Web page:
“I'd say we're disappointed the events didn't work as well as they work in California and other markets,” Brian France said. “I would say that there's plenty of good NASCAR racing right here in Richmond, in the Southeast.  I would tell you there's plenty of opportunities for our fans in the Southeast to see the sport that they love the most, which is NASCAR.

“(The West Coast) is under-served from our view.  The population base in Los Angeles is the second largest market.  Phoenix is the 16th to 17th largest market in the country.  I don't think it's any secret that the demand is there, the population is there, the race fans are there.  We're going to take our events there.”

SMI Founder and Chairman O. Bruton Smith has been seeking a second date for Texas Motor Speedway since the track opened in 1997. At that time, NASCAR didn’t have a slot on the schedule for TMS, so Smith and New Hampshire International Speedway owner Bob Bahre, each purchased half of the North Wilkesboro Speedway and closed the track, then moved the tracks two races to TMS and NHIS.

“We are very pleased to have reached the settlement agreement and to have obtained a second NASCAR NEXTEL Cup Series date for Texas Motor Speedway,” said Smith. "The second Texas date falls in line with NASCAR's overlying strategy of expanding into underserved markets and will help strengthen the sport's national appeal.

“My desire, as it has always been, is to continue to help NASCAR build the sport of stock car racing. Working together will help build a better sport for the fans, participants and corporate partners,” Smith concluded.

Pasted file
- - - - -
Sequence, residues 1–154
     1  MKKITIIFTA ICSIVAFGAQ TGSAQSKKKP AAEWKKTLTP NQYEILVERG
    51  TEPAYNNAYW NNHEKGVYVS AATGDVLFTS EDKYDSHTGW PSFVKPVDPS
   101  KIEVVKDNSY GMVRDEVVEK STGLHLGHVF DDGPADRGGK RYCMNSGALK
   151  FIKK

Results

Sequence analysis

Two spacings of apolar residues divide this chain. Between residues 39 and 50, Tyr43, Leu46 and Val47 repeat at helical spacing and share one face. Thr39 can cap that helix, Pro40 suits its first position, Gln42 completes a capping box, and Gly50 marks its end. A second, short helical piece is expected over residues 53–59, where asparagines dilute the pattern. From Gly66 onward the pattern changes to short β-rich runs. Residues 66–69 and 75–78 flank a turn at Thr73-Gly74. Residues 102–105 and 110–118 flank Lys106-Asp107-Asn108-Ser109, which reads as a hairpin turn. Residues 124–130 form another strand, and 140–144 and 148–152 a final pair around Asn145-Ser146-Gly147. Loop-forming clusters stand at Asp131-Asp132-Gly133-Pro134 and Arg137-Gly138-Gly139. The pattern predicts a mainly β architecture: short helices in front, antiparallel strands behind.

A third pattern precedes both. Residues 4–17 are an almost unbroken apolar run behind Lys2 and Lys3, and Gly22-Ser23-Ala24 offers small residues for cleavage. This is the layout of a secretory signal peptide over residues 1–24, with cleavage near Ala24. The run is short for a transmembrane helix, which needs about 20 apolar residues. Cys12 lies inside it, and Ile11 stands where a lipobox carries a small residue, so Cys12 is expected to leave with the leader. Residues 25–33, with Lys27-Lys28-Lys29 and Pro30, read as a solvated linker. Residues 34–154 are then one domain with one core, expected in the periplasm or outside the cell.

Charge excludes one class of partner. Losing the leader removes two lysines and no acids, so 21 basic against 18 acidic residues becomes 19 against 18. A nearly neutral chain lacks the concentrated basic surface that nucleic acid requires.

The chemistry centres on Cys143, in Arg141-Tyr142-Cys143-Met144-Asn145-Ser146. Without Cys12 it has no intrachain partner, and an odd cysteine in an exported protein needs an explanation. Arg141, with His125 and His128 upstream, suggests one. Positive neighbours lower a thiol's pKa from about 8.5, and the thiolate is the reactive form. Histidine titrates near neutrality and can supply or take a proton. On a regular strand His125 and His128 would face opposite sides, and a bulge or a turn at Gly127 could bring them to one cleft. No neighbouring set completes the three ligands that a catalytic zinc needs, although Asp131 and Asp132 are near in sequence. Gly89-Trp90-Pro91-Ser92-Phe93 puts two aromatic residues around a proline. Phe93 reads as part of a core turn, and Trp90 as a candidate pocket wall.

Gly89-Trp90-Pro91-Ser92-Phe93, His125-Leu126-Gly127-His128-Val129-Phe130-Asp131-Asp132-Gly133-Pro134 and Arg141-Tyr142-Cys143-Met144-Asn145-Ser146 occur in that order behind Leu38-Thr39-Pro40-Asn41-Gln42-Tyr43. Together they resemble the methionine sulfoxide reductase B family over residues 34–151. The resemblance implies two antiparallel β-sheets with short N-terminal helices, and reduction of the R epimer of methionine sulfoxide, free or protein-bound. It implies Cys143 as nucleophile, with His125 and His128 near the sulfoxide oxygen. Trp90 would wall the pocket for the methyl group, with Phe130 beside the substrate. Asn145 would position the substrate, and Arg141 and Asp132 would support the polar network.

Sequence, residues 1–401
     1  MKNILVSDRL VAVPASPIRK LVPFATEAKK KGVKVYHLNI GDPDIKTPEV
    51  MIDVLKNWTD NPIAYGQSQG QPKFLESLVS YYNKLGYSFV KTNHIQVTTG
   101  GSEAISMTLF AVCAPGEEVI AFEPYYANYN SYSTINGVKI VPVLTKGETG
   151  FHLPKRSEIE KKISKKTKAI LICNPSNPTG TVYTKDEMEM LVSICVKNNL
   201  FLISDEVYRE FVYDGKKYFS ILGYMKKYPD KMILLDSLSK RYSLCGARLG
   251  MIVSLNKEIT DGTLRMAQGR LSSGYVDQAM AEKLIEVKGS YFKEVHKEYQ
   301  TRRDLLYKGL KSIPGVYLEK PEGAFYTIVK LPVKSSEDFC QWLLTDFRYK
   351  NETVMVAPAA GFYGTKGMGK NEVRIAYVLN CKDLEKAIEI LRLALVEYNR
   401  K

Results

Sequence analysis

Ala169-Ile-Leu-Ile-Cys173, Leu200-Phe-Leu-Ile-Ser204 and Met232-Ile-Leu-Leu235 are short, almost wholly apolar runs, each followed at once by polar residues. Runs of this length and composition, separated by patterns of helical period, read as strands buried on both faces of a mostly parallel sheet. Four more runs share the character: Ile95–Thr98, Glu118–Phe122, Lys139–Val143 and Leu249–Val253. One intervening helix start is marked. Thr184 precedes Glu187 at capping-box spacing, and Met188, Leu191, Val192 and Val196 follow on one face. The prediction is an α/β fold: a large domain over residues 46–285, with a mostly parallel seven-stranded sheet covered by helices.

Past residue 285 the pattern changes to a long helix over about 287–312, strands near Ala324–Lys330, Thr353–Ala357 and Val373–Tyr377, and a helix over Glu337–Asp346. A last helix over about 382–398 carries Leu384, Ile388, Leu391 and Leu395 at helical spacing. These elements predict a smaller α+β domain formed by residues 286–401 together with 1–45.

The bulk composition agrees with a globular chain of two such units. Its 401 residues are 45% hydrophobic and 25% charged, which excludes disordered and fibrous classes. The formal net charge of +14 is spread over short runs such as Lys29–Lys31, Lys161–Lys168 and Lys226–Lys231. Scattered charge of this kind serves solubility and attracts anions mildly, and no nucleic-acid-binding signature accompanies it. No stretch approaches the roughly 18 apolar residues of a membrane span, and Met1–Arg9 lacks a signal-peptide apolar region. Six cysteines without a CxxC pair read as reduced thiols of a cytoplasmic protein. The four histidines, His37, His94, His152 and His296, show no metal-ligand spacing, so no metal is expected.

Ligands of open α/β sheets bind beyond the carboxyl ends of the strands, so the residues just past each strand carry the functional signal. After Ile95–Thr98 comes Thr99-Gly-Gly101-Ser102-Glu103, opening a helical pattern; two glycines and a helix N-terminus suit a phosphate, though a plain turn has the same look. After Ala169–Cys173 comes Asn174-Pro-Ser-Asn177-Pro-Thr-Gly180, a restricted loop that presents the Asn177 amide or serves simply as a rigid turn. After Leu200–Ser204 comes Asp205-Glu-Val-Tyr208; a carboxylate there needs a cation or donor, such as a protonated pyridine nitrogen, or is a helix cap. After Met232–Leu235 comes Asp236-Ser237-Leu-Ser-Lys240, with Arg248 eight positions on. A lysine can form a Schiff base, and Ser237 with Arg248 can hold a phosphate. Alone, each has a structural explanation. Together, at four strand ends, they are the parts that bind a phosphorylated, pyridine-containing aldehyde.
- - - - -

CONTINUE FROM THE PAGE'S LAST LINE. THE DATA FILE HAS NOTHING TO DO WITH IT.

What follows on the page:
NASCAR also announced that NASCAR’s annual all-star race, the NASCAR Nextel All-Star Challenge, would remain at Lowe’s Motor Speedway in 2005.

 It was also announced that ISC would purchase Martinsville Speedway, possibly putting that track's race dates in jeopardy.

  • “The realignment is going to continue,” France said.

  • The new schedule shakes down like this:

  • North Carolina Speedway will not be on the schedule in 2005.

  • Phoenix International Raceway’s second date will be a Saturday night affair, held on  April 23rd.

  • Texas Motor Speedway’s second race will be held on Nov. 6 in 2005, making that race part of  “Chase For The Championship”.

  • Darlington’s only remaining race will be held on Saturday night, May 7, the day before Mother's Day, which has traditionally been an off-day for the Nextel Cup Series.

  • California Speedway would keep its two races.

  • The Nextel All-Star Challenge will remain at Lowe’s Motor Speedway for 2005.

Tentative 2005 NASCAR NEXTEL Cup Series schedule





Budweiser Shootout

Daytona International Speedway


Daytona 500

Daytona International Speedway



California Speedway



Las Vegas Motor Speedway



Atlanta Motor Speedway



Bristol Motor Speedway



Martinsville Speedway



Texas Motor Speedway



Phoenix International Raceway



Talladega Superspeedway


Carolina Dodge Dealers 500

Darlington Raceway



Richmond International Raceway


NASCAR Nextel All-Star Challenge

Lowe's Motor Speedway



Lowe's Motor Speedway



Dover International Speedway



Pocono Raceway



Michigan International Speedway



Infineon Raceway



Daytona International Speedway



Chicagoland Speedway



New Hampshire International Speedway



Pocono Raceway



Indianapolis Motor Speedway



Watkins Glen International



Michigan International Speedway



Bristol Motor Speedway



California Speedway



Richmond International Raceway



New Hampshire International Speedway



Dover International Speedway



Talladega Superspeedway



Kansas Speedway



Lowe's Motor Speedway



Martinsville Speedway



Atlanta Motor Speedway



Texas Motor Speedway



Phoenix International Raceway



Homestead-Miami Speedway

The author can be contacted petem@autoracing1.com